Located off the northern California coast just south of the town of Mendocino, Van Damme State Marine Conservation Area (SMCA) encompasses a small, protected bay sheltered from north winds and large ocean swell. The bay is popular with freedivers, kayakers, scuba divers, and recreational anglers.
For divers, venturing below the surface at Van Damme SMCA provides the opportunity to explore different habitat types, including soft bottom, rocky reef, and kelp forest. Divers are likely to encounter bat stars, leather stars, rock crabs, sea cucumbers, anemones and various species of abalone. If you’re lucky, a curious harbor seal might come and say hello!
Van Damme SMCA is also an ideal site for scientific monitoring. As a citizen scientific diver with Reef Check California, I spent a few months completing scientific diver training at the SMCA, learning how to use underwater tools to record information about the rocky reef and kelp forest habitats in the marine protected area (MPA).
Why protect kelp?
While Van Damme SMCA allows most types of recreational and commercial fishing, it prohibits the commercial take of bull kelp (Nereocystis luetkeana) and giant kelp (Macrocystis pyrifera). These two kelp species have unique structures called holdfasts, which look like the roots of land-based plants, and anchor the kelp to the rocky sea floor. Bull kelp has a single gas-filled bladder, which biologists call a pneumatocyst (pronounced “new-MAT-o-sist”), that is attached at the top of one long, stem-like stipe. The buoyant pneumatocyst holds the kelp upright in the water column. Large, leaf-like blades grow from the pneumatocyst and float on the surface of the ocean, forming a dense kelp forest canopy. Bull kelp has one stipe and one pneumatocyst, while giant kelp usually has many stipes and pneumatocysts coming from a single holdfast.
Healthy kelp forests are teeming with life. These submerged “jungles” offer sustenance and protective shelter for many marine species. Sea stars, snails, crabs, fish, anemones, sponges, tunicates and many other animals live at varying depths within a mature kelp forest habitat, hiding from predators and seeking plentiful foraging opportunities.
The California Department of Fish and Wildlife conducts aerial surveys of the ocean’s surface annually to monitor California’s kelp forests. These surveys record the area of kelp forest canopy cover between the U.S.- Mexico border and the California-Oregon border. Since kelp monitoring began in 1989, Northern California’s kelp forests, including those at Van Damme SMCA, have declined dramatically, reaching their lowest levels from 2014 to 2016.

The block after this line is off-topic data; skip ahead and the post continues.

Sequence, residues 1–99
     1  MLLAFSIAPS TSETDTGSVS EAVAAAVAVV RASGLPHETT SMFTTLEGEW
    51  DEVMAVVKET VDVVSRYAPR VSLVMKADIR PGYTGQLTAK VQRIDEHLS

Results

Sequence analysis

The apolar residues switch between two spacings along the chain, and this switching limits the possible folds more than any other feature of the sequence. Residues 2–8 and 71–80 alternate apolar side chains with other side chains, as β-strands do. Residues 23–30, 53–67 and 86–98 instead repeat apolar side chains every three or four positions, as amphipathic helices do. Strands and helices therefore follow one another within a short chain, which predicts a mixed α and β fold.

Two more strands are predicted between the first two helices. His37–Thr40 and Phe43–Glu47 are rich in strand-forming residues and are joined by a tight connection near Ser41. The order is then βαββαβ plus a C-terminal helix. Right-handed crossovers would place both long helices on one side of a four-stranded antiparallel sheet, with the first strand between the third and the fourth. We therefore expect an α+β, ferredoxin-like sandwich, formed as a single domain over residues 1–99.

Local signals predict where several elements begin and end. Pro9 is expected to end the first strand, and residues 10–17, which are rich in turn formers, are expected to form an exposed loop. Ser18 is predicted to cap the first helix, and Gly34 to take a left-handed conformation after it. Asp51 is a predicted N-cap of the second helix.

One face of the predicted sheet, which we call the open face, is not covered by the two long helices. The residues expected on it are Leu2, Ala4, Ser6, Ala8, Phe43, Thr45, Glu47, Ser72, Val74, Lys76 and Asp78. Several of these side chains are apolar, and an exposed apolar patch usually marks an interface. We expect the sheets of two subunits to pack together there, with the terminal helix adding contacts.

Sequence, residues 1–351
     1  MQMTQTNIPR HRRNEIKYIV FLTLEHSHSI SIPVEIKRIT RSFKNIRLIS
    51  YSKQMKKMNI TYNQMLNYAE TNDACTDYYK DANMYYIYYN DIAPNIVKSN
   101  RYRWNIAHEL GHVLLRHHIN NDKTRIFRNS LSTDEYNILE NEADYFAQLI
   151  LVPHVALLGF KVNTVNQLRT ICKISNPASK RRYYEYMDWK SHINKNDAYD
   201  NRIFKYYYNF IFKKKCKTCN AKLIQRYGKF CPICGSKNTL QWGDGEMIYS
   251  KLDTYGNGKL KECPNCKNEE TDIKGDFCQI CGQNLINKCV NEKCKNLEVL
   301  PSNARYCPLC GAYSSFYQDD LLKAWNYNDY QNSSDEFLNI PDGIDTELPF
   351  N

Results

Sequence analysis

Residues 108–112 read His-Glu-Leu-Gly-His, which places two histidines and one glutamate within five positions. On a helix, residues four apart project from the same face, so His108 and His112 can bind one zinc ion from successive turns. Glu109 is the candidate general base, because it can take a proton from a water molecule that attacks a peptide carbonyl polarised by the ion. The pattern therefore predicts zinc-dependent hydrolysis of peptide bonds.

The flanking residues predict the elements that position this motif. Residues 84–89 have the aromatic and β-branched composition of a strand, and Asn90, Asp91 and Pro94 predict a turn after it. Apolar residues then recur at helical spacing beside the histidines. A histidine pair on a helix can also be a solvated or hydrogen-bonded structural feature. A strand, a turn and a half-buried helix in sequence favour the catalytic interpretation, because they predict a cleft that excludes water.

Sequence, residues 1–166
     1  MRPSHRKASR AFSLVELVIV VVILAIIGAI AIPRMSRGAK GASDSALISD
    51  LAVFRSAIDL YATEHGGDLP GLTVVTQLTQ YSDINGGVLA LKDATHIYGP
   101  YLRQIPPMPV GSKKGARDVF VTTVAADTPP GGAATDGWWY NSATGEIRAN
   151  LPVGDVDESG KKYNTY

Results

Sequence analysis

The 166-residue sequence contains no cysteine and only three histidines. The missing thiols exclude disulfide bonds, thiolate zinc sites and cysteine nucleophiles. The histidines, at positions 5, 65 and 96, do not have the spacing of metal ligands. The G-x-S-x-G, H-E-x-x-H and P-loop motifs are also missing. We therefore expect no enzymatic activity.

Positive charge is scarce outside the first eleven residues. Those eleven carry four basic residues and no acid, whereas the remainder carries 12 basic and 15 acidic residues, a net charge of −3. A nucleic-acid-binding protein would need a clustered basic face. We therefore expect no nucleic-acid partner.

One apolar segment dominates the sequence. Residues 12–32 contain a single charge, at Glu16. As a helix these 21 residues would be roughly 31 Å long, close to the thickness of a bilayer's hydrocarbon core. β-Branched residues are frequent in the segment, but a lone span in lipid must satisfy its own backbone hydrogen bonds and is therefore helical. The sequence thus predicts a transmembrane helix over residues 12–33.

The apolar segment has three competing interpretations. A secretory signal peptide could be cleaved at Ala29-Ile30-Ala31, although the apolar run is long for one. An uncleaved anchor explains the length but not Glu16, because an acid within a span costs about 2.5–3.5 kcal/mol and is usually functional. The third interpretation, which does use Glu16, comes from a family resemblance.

The reduction of kelp forest habitat in northern California can be attributed to many large-scale ecological changes, some of which may be due to human influence. Overall, the decrease in kelp forests has adversely affected species diversity as well as the valuable recreational abalone and commercial sea urchin fisheries in the area. Many marine species, including sea urchins and abalone, compete for kelp as a food source and can struggle in its absence.
Citizen science and scientific diving
In addition to the aerial surveys of kelp conducted by the California Department of Fish and Wildlife, Van Damme SMCA is also one of fourteen sites north of Point Arena monitored by Reef Check California. Beginning in 2007, the group has coordinated biannual underwater surveys of Van Damme SMCA using trained citizens as scientific scuba divers. Dive surveys collect data on algae, invertebrates, fish, and bottom type. The data collected is being used to help establish a baseline, or “point in time”, to compare against future measurements, which in turn can inform management and policy decisions within MPAs.
For citizen scientific divers like myself, participating in hands-on monitoring of our MPAs is a meaningful use of a unique skill set. Through citizen science, community members can gain a deeper understanding of the local marine environment, and make a valuable contribution to the study of these complex ecosystems.
Through the years, Van Damme SMCA has remained one of my favorite locations to visit and dive. Watching the ebb and flow of kelp and other species has been an invaluable learning experience. The MPA’s ecosystem is intricately tied to the shared ocean heritage of the area for divers, anglers, beachgoers and ocean lovers alike.
Whether you enjoy participating in citizen science, diving, beachcombing, kayaking, or wildlife viewing, Van Damme SMCA is a north coast gem just waiting to be discovered and enjoyed.
Learn more about MPAs by diving into the
Exploring California’s Marine Protected Areas series!